Models of teaching

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Models of teaching

  1. 1. MODELS OF TEACHING diputr@gmail.com Mgucte vaiom dipu, mgucte vaikom 1
  2. 2. A model of teaching is apattern or plan which can betaken up with a view to shapea curriculum or course, selectappropriate instructionalmaterial and to guide theteacher’s action dipu, mgucte vaikom 2
  3. 3. DEFINITION BRUCE JOYCE AND MARSHA WEIL “Teaching models are just instructional designs . They describe the process of specifying and producing particular environmental situations which cause the student interact in such a way that specific changes occur in his behavior” dipu, mgucte vaikom 3
  4. 4. Role of teaching models It may help the teacher to develop his capacity to teach larger number of children and create conducive environment for their learning. It may help the curriculum makers to plan learning centered curriculum which provides a variety of educational experiences to children. It may help to create more interesting and effective instructional material and learning sources. It may stimulate the development of new and better forms and opportunities for education, that will replaces schools of today. dipu, mgucte vaikom 4
  5. 5. Families of teaching models The information processing family The personal family The social family The behavioral system family dipu, mgucte vaikom 5
  6. 6. 1. The information processingfamily This family focus on intellectual capacity The primary purpose are  Mastering of the method of enquiry  Developing the skill for processing information  Fostering the ability to think logically dipu, mgucte vaikom 6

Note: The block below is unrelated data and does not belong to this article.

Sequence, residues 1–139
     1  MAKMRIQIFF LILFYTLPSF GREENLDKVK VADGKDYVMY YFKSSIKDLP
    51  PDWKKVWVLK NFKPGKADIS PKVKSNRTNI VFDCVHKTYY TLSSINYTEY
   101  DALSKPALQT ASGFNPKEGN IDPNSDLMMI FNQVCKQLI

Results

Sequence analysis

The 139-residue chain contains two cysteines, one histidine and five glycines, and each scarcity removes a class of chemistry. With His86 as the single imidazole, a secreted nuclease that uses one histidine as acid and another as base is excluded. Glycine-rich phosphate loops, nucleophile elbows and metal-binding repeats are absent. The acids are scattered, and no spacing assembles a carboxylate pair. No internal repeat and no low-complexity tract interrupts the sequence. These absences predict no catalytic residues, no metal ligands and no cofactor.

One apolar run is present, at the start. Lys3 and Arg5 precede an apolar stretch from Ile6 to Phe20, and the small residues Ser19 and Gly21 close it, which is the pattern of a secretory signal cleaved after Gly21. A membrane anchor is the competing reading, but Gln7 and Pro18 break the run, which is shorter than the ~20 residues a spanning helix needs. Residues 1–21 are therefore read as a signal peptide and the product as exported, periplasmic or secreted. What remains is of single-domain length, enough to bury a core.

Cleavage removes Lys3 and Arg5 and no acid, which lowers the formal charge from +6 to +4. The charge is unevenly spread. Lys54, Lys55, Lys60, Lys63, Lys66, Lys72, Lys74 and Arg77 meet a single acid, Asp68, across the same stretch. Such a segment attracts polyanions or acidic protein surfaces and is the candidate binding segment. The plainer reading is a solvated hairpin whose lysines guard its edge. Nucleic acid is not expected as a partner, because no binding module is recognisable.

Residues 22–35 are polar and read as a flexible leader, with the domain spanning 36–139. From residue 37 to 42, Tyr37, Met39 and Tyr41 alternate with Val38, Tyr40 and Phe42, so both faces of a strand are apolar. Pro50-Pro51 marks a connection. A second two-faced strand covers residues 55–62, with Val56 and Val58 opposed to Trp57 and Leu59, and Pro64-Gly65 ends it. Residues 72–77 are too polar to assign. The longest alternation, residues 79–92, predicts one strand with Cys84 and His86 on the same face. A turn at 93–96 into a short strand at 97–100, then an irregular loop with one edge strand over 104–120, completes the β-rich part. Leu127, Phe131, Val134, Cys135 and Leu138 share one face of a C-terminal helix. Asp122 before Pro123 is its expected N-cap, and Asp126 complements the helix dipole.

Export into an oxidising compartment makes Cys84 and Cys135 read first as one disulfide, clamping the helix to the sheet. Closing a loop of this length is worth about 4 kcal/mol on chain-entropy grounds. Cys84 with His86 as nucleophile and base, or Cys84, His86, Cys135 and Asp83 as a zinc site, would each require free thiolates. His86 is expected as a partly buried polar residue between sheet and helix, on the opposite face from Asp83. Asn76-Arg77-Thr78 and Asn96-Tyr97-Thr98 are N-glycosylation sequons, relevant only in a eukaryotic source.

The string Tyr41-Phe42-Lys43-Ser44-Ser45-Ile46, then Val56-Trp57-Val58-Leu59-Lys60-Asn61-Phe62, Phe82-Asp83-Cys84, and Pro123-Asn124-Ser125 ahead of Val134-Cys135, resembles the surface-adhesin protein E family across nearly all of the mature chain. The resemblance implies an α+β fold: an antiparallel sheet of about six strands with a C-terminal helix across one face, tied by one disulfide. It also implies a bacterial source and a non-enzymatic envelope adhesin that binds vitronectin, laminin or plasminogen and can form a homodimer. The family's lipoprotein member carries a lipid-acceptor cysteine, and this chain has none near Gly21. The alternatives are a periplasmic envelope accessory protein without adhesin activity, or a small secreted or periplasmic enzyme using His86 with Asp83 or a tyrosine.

7. 7. 1. The Information processingfamily1. Concept Attainment Model - Jerome S Bruner2. Inductive thinking Model - Hilda Taba3. Inquiry training Model - J. Richard Suchman4. Advance Organizer Model - David ausubel5. memory model - Jerry Lucas6. Biological Science Inquiry Model- Joseph Schwab7. Cognitive development model -Jean Piaget, Kohlberg, Siegal dipu, mgucte vaikom 7
  8. 8. 2. The personal family This deals with the personal development of the individual The primary goals are  To increase the students sense of self worth  To help students understand themselves more fully  To help students refine their their emotions  To foster the students creativity dipu, mgucte vaikom 8
  9. 9. 2. The personal family1. Non-directive teaching model -Carl Rogers2. Synetics model -William J. J. gordon3. Awareness training model -William Schutz and George Brown4. Class room teaching model -William Glasser dipu, mgucte vaikom 9
  10. 10. 3. The social family This family emphasis the relationship of the individual to society  To train work together  to develop students skills for maintaining human relations  To inculcate personal and social values dipu, mgucte vaikom 10
  11. 11. 3. The social family1. Group investigation model -Herbert Thelen2. Role playing model -Fannie & Gerorge Shaftel3. Jurisprudential inquiry model -Donald oliver4. Laboratory training model -National training laboratory5. Social simulation model -cyberneticcs psychologists6. Social inquiry model -Thelen, Oliver, Sharer dipu, mgucte vaikom 11